Du Preez says there were similar transitional arrangements that applied to the issue of municipal approval and waste permits.

On the issue of graves, Du Preez says Tendele accepts that it had previously removed or altered gravesites without the necessary authorisation from Amafa, the KwaZulu-Natal provincial heritage agency, though the company had held “lengthy consultation with the families concerned”.

According to him, Tendele has since engaged with Amafa to ensure its future activities were in keeping with the law. But even if the court were to find that any of Tendele’s activities are unlawful, this would not be sufficient to justify closure of the mine.

Beyond its role in providing jobs, the company also provides services to the community in the form of basic training and education, and has paid nearly R719 million in salaries in the 10 years between 2006 and 2016. 

In fact, Tendele argues, the harm to the broader Mtubatuba economy by closing the mine would far outweigh the “non-specific and generalised allegations of alleged harm” to Dladla and fellow applicants.

Du Preez suggests that Dladla, Mnqondo and GET failed to engage with Tendele or government departments in a “constructive manner” to reach an accommodation that protected the company’s mining rights.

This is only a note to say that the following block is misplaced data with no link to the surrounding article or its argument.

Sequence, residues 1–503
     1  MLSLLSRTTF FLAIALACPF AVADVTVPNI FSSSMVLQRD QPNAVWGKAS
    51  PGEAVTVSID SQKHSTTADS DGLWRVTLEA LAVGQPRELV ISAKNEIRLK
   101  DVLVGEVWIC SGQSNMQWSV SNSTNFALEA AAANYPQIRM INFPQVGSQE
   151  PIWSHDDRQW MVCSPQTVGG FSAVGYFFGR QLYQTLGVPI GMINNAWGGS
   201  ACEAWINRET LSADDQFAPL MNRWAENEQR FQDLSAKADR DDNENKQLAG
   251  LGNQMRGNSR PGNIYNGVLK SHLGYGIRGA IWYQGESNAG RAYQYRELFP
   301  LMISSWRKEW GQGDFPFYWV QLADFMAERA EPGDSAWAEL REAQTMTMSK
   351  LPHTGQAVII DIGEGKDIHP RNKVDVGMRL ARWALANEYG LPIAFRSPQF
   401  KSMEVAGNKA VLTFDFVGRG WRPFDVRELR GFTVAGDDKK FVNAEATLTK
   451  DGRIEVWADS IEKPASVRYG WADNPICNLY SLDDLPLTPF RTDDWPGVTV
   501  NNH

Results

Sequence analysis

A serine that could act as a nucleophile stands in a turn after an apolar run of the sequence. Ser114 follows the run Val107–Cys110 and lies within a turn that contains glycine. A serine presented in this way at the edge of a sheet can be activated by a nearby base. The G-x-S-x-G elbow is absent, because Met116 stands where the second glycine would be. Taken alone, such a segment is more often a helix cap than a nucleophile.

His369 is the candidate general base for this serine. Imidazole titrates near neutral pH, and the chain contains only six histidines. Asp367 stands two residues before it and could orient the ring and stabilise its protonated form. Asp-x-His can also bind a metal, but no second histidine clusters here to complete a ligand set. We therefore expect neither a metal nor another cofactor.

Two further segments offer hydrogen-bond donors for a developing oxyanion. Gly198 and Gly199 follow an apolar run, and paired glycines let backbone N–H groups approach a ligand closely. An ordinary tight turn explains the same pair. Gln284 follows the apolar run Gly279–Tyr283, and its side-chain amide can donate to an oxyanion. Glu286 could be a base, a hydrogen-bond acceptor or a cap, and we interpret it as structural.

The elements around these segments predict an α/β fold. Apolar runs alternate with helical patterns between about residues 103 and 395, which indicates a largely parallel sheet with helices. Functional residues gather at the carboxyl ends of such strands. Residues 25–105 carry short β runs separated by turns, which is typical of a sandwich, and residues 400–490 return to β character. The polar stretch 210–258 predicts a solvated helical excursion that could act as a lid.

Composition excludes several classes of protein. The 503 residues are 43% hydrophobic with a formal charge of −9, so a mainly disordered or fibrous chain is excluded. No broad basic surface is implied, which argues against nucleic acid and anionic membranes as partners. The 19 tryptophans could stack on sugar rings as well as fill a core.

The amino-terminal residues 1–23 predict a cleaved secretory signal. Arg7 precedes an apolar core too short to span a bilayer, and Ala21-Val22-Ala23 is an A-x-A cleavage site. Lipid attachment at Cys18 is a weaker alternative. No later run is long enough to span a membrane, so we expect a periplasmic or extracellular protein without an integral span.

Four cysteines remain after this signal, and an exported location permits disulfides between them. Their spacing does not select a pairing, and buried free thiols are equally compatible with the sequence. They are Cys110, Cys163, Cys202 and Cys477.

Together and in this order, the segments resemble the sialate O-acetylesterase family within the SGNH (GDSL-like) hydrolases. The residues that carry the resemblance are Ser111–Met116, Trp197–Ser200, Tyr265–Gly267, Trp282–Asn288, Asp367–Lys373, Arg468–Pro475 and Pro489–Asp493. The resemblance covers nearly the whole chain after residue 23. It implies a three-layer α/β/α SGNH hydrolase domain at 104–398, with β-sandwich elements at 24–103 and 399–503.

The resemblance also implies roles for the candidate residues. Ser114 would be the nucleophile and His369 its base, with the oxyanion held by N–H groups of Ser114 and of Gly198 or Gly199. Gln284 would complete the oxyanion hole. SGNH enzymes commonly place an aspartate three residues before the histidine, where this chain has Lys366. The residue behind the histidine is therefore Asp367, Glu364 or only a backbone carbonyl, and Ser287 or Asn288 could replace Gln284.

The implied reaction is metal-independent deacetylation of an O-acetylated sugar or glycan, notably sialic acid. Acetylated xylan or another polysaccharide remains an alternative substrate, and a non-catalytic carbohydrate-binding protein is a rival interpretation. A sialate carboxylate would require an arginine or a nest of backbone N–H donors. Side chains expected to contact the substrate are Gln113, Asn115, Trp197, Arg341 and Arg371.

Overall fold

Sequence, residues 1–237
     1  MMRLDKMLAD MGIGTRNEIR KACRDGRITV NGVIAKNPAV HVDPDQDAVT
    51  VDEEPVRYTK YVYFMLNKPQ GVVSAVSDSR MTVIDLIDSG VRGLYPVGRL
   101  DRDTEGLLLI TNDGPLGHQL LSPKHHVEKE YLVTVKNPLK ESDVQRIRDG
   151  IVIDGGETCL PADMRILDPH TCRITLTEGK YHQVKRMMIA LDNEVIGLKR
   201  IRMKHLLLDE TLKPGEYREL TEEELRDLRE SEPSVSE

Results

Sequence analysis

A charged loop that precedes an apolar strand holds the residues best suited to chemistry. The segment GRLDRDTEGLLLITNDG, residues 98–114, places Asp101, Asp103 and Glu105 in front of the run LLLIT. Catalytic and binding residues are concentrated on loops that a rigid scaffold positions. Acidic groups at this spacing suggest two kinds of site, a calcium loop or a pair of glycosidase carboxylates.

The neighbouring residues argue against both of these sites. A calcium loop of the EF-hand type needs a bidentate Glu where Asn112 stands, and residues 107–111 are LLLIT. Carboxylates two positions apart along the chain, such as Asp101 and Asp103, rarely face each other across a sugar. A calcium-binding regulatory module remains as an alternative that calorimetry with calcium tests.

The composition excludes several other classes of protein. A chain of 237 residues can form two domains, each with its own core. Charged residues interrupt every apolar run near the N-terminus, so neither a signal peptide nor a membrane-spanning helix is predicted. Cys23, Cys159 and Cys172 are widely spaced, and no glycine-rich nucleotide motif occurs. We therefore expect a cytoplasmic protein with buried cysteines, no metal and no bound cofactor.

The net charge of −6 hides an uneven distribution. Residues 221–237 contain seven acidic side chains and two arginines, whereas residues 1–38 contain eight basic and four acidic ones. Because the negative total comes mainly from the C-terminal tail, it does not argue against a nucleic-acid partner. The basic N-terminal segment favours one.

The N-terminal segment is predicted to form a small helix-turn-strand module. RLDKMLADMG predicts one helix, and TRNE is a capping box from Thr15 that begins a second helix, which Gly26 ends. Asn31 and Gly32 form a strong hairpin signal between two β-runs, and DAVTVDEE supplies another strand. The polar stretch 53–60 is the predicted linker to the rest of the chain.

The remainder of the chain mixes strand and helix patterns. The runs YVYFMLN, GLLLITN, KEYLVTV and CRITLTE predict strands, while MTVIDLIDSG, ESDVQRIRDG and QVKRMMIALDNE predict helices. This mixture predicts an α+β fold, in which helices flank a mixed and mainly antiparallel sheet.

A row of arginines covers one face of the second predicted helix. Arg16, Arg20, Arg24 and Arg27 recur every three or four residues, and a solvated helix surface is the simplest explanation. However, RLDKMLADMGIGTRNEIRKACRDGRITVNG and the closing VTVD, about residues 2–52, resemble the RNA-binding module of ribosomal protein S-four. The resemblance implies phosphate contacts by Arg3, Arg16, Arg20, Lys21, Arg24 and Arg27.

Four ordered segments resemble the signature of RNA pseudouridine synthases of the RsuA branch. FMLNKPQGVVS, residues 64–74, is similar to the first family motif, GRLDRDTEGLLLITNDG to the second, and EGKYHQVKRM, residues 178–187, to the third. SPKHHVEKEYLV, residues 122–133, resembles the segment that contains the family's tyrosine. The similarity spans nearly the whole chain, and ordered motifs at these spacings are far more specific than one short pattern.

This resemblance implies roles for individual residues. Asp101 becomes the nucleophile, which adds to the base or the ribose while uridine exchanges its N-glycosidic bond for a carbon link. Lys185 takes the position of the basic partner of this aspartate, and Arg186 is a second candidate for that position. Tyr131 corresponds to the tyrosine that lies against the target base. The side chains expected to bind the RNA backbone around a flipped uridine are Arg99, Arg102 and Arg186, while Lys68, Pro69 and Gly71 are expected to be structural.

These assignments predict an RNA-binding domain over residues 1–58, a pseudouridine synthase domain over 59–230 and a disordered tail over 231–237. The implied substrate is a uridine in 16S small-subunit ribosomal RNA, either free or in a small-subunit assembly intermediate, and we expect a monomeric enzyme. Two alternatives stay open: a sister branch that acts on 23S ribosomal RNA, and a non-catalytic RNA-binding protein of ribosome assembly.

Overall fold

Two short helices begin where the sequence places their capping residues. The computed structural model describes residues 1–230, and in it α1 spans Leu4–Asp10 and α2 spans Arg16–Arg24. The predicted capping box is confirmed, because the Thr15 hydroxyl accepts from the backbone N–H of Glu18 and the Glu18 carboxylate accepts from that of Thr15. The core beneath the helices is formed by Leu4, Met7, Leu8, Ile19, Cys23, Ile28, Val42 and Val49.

He says the anthracite coal at Somkhele is a unique, high-quality variety and made up about 50% of such anthracite sold to local ferrochrome producers.

If Tendele did not supply anthracite to the local ferrochrome producers, he argues, it is likely that they would be required to import reductants to continue their operations, which could lead to a significant cost increase in ferrochrome production, a crucial component of stainless steel.

This, in turn, could result in retrenchments far beyond Tendele and negatively impact South Africa’s trade balance, with regional and national economic impacts.

Beyond its role in providing jobs, the company also provides services to the community in the form of basic training and education, and has paid nearly R719 million in salaries in the 10 years between 2006 and 2016.

The company has also built a soccer field and primary school for R10 million and provides potable water to local communities at a cost of around R100 000 per month.

According to Du Preez, Tendele has received letters of support from the local iNkosi, chief induna and municipal mayor, and from mining union shop stewards, church groups and other associations who were opposed to any attempt to close the mine, which would be the “death knell for the Mtubatuba economy”.

Tendele also denies that that its operations had left no water for the community, blaming recent water shortages on drought. It also denies that water is polluted and suggests cracks in surrounding homes could have developed for a variety of reasons other than Tendele’s blasting operations.

Dladla denies that he is seeking to shut down the mine permanently. Rather, he says he is seeking to ensure that Tendele complies with legal requirements. “To fob off all this environmental harm as something to be weighed against the advantages to the economy in mining is not acceptable,” he says.

“It cannot be denied that there are some people of influence in the region that support the mining. However, the mining has brought nothing but devastation and hardship to those (directly)  affected communities as opposed to those who live far away … Our lives have been turned upside down.”